My 56 yr old sister has been told she cannot get ESA as not enough stamps! She has never not paid her stamp, always been working the past couple of years!

Radish

Fri, 09/29/2017 - 14:50

Hello Jimmy,

You might find the following information of help:

For the state of play regarding the State Pension I found the following two articles in the Guardian of help:

https://www.theguardian.com/money/2013/jan/14/single-tier-pension-what-s...

https://www.theguardian.com/money/2016/mar/06/70000-people-will-miss-out...

Also a new State Pension system was introduced in April 2016 which is what the Guardian articles in part deal with (at your age you will be governed by the new rules, as am I). You can find a summary of the new system at the Age UK website here:

https://www.ageuk.org.uk/money-matters/pensions/what-the-new-state-pensi...

Note that to qualify for a full State Pension under this new system you need at least 35 years National Insurance (NI) contributions or credits to get the full amount (I refer to them as qualifying years below). If you have less than that you won't get the full State Pension.

I would also recommend that you try and get an appointment with Age UK - they are reputed to be helpful in guiding people through the maze of what to do to check your State Pension age and so on.

However, on a personal note I would comment the following on what you should try to do now with a story as to why.

Around the end of 1999 and into early 2000 I was making plans to go abroad and work, freelance, not via a UK employer. As part of doing that I thought some difficulty might arise with respect to my State Pension and National Insurance Contributions (NICs). So as part of checking out how I deal with that I contacted HMRC and asked them for a full break-down of my NICs record from the year I first started working (immediately after leaving school) to the, then, present date. This is something that I would advise you to do now - this is your next step, without that information you won't know what years are qualifying for your State Pension and what years are non-qualifying for Pension. So you need to get this information from HMRC. Also note that this is not the same as asking HMRC for a Pension Forecast. A Pension Forecast, is useful but it won't give the information you need. You need a full break-down of NICs by year so that you can see what is a qualifying year and what is a non-qualifying year. For a year to be qualifying you need to have made 52 NICs for that year, if even one NIC is missing then that entire year doesn't count towards your State Pension.

When I asked HMRC for this breakdown they said it would be no problem - it's something they do a lot on request. (When you contact them for this information they will ask you if it is for you personally - just answer yes to that.) When I got the breakdown I was amazed. There were several years (in the 1970's and the 1980's) that were non-qualifying i.e. insufficient NICs had been made. In those years I had periods of being unemployed and periods of being at college/university. When I was at college/university I didn't make voluntary payments to NICs, so, where relevant, I understood the gaps there. However, several, and I do mean many years, were non-qualifying and the failure in NICs, as best as I could figure, was down to the Jobcentre/DWP failing to make National Insurance Credits into the NICs account - such "credits" are, effectively, recorded in the NICs account as being a qualifying payment to NICs. These failures weren't happening for the entire duration of a period of unemployment, sometimes the credits would be made, sometimes not. This meant that for several years I was non-qualifying with respect to NICs by a matter of one, two, three, whatever, Credits failing to have been made by the Jobcentre.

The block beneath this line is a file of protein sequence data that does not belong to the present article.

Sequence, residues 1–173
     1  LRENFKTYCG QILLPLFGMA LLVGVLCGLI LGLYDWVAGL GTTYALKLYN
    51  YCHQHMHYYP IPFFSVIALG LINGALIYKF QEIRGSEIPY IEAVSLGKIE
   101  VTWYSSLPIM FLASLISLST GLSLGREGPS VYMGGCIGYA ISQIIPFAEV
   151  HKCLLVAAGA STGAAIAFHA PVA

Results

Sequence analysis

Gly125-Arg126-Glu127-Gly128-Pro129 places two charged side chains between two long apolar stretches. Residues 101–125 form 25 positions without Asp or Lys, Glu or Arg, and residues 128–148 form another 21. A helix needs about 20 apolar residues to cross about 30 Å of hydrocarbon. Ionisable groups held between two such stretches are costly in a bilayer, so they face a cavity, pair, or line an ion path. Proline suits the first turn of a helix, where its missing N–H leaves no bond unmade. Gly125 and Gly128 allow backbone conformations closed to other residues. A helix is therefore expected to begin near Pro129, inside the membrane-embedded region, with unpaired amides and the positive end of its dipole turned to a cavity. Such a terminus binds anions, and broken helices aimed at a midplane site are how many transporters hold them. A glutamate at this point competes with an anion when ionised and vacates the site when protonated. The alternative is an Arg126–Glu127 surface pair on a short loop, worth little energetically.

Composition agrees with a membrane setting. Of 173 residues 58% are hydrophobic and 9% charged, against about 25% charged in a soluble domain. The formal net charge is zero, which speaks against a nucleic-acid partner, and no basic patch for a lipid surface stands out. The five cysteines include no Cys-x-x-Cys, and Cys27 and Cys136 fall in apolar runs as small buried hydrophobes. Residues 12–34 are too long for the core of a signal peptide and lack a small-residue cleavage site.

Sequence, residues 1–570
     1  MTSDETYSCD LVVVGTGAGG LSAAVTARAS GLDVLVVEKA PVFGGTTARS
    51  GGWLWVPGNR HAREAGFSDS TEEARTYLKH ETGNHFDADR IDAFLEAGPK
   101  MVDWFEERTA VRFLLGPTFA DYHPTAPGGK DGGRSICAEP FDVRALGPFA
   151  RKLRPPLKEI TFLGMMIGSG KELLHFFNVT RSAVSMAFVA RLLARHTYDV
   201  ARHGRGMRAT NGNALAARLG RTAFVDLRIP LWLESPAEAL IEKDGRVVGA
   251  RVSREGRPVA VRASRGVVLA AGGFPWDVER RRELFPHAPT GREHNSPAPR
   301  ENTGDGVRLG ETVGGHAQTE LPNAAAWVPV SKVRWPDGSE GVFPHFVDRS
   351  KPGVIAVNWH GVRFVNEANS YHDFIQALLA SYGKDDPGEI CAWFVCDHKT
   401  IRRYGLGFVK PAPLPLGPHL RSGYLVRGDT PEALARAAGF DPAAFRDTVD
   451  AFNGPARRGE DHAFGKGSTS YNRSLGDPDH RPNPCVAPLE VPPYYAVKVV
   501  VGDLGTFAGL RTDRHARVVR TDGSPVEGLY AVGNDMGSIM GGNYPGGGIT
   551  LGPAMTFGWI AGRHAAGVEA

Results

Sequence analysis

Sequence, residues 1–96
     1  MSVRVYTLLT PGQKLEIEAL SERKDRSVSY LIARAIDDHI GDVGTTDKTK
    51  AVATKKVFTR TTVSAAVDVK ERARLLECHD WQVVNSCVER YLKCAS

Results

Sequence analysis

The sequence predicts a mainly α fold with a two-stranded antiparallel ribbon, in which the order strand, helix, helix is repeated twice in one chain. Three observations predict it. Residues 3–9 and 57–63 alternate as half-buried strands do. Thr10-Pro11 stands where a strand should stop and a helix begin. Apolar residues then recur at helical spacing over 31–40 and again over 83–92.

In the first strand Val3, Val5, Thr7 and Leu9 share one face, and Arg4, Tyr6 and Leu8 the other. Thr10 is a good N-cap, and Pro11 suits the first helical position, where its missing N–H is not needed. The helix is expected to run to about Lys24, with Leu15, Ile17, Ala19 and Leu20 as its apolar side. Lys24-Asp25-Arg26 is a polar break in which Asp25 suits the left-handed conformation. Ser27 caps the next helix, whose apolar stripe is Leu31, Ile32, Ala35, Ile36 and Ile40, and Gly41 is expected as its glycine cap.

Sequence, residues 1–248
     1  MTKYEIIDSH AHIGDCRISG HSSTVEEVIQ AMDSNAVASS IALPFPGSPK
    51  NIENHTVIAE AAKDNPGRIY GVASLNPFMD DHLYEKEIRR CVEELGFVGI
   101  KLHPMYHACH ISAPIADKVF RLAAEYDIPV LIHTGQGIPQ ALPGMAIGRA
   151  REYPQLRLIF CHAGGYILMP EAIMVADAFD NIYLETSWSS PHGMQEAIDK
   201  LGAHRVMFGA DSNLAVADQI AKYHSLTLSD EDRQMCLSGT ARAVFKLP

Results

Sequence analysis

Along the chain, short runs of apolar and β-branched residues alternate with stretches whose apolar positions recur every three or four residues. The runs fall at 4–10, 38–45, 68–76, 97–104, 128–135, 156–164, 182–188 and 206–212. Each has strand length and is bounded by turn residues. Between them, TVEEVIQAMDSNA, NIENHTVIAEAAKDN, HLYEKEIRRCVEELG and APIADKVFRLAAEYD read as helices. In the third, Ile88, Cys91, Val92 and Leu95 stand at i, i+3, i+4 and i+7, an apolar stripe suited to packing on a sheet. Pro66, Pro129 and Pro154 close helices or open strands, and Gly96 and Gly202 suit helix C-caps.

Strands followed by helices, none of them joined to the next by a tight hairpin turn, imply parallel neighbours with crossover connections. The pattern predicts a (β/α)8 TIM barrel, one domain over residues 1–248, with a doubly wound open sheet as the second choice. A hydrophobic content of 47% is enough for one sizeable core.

Luckily, I had always kept a record of employment and unemployment periods. I got in touch with the Jobcentre and queried this mess. I was given the name and address of the person to contact in the Jobcentre network. At that time he was located in a non-public office in Edinburgh - you can't just walk into the building and ask to see someone. I wrote a long letter to him. with dates, detailing what I considered to be failures of the Jobcentre to make credits to NICs. And, cutting a long story short (this took several months to resolve), I got a letter back from him saying that he agreed that the Jobcentre had failed on multiple occasions to pay credits into my NICs and that he was now authorising that these back-dated credits be made into NICs. That he could and/or would do this is entirely discretionary on his part (he was in the management hierarchy of his division of the Jobcentre network and as such had sufficient power to do this). It was further discretionary because for many of the years that I was querying the Jobcentre just didn't have records he could check to confirm or refute what I claimed to be the case (many of those years occurred well before computers were being used by the Jobcentre and the old paper records now no longer existed once computers were brought in to maintain records) - and so the manager was just deciding that I seemed to be honest and genuine in my claims and going with that. I let a month or so pass so that the, now made, credits would work through the system and then asked HMRC for another breakdown of my NICs record. Sure enough several years that had been non-qualifying were now qualifying - and I would now get a full State Pension because this was so.